Plaques form when protein pieces called beta-amyloid (BAY-tuh AM-uh-loyd) clump together. Beta-amyloid
comes from a larger protein found in the fatty membrane
surrounding nerve cells.
Beta-amyloid is chemically "sticky" and gradually builds
up into plaques.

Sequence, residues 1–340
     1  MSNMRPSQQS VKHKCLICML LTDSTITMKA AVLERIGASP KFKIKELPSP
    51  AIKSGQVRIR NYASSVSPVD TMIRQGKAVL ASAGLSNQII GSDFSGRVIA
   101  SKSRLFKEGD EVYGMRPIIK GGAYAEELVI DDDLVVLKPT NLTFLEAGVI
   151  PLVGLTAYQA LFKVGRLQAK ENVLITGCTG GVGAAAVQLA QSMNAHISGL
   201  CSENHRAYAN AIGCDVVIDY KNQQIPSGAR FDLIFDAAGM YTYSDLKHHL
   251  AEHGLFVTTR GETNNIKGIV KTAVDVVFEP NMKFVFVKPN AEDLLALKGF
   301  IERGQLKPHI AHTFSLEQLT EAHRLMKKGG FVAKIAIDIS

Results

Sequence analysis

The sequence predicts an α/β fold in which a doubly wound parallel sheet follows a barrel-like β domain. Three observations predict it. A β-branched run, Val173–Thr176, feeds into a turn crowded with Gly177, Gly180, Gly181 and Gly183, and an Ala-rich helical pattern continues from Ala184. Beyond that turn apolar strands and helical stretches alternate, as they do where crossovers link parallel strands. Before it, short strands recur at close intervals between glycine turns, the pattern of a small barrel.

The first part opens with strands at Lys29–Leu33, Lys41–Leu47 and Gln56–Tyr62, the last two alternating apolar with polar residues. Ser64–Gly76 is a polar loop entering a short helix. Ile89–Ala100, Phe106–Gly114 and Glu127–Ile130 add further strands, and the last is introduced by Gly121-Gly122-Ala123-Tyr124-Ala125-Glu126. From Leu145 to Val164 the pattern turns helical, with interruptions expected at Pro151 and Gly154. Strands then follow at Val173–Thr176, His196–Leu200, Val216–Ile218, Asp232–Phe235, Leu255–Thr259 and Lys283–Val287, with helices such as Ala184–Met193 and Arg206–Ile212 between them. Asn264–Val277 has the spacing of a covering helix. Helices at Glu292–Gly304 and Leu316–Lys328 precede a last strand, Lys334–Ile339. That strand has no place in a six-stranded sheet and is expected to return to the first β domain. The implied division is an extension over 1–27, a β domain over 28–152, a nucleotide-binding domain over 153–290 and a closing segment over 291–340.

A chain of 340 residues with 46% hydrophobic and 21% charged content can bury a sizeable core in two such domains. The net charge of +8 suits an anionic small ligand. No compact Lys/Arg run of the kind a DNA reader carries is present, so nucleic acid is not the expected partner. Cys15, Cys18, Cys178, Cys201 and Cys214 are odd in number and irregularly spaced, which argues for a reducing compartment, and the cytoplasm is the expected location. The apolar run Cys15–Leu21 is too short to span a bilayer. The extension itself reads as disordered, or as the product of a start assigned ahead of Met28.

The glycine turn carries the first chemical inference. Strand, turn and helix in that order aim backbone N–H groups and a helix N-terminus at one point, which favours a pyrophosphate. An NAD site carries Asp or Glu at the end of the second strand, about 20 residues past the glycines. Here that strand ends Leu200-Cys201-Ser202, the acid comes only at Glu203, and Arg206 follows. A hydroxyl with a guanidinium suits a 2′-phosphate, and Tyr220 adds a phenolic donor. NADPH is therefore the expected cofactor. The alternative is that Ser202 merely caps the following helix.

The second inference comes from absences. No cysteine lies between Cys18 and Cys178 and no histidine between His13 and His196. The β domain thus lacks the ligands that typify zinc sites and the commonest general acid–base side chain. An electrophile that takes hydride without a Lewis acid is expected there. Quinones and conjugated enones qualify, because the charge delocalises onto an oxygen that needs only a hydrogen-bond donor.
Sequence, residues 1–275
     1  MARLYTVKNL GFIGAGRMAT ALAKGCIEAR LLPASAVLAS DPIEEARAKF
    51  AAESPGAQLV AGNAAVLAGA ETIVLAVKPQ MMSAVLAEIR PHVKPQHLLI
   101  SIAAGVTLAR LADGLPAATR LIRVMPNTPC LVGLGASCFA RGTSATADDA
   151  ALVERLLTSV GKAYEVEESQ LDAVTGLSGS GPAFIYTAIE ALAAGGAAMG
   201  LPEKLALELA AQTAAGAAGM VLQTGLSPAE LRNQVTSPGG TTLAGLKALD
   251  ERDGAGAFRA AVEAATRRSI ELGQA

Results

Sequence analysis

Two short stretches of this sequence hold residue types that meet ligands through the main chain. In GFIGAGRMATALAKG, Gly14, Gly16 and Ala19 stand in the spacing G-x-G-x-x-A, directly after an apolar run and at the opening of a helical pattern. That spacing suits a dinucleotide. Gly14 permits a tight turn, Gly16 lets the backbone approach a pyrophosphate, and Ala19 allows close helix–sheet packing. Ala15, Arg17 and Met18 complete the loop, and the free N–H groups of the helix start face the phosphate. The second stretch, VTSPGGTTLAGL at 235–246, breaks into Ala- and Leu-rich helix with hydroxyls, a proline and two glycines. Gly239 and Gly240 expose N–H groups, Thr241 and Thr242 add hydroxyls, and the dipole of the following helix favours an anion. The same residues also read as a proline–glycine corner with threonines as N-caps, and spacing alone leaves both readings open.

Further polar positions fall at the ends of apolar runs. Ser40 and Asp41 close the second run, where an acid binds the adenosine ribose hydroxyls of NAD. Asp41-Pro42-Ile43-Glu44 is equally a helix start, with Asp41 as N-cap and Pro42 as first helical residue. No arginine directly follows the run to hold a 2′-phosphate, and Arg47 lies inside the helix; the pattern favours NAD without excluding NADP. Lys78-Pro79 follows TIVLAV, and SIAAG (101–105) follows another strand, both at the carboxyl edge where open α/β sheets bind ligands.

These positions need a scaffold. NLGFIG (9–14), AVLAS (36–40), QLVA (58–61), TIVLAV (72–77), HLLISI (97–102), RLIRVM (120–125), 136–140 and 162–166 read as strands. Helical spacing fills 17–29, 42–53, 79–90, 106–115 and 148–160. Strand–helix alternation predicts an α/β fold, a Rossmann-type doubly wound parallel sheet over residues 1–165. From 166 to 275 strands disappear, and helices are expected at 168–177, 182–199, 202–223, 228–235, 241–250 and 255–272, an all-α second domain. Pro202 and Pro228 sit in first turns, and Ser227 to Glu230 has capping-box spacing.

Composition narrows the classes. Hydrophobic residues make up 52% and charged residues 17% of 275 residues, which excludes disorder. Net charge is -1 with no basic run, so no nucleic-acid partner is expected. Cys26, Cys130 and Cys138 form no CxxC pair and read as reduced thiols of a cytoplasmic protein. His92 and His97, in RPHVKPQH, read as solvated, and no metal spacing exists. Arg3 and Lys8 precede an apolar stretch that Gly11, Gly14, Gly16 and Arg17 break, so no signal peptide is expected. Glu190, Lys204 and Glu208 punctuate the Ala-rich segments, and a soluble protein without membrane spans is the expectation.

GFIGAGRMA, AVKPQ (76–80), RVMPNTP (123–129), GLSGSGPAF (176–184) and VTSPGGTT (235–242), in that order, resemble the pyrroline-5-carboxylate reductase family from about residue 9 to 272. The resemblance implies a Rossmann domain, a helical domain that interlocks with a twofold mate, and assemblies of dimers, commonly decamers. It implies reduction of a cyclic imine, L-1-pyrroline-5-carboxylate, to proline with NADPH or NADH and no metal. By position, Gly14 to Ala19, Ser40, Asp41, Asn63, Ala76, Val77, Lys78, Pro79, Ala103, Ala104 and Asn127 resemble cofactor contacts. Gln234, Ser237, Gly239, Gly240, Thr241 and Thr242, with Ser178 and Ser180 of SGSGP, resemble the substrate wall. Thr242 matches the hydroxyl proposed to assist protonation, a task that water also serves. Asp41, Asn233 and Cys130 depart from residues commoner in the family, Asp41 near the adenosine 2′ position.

The most damaging form of beta-amyloid may be groups
of a few pieces rather than the plaques themselves.
The small clumps may block cell-to-cell signaling at
synapses. They may also activate immune system cells
that trigger inflammation and devour disabled cells.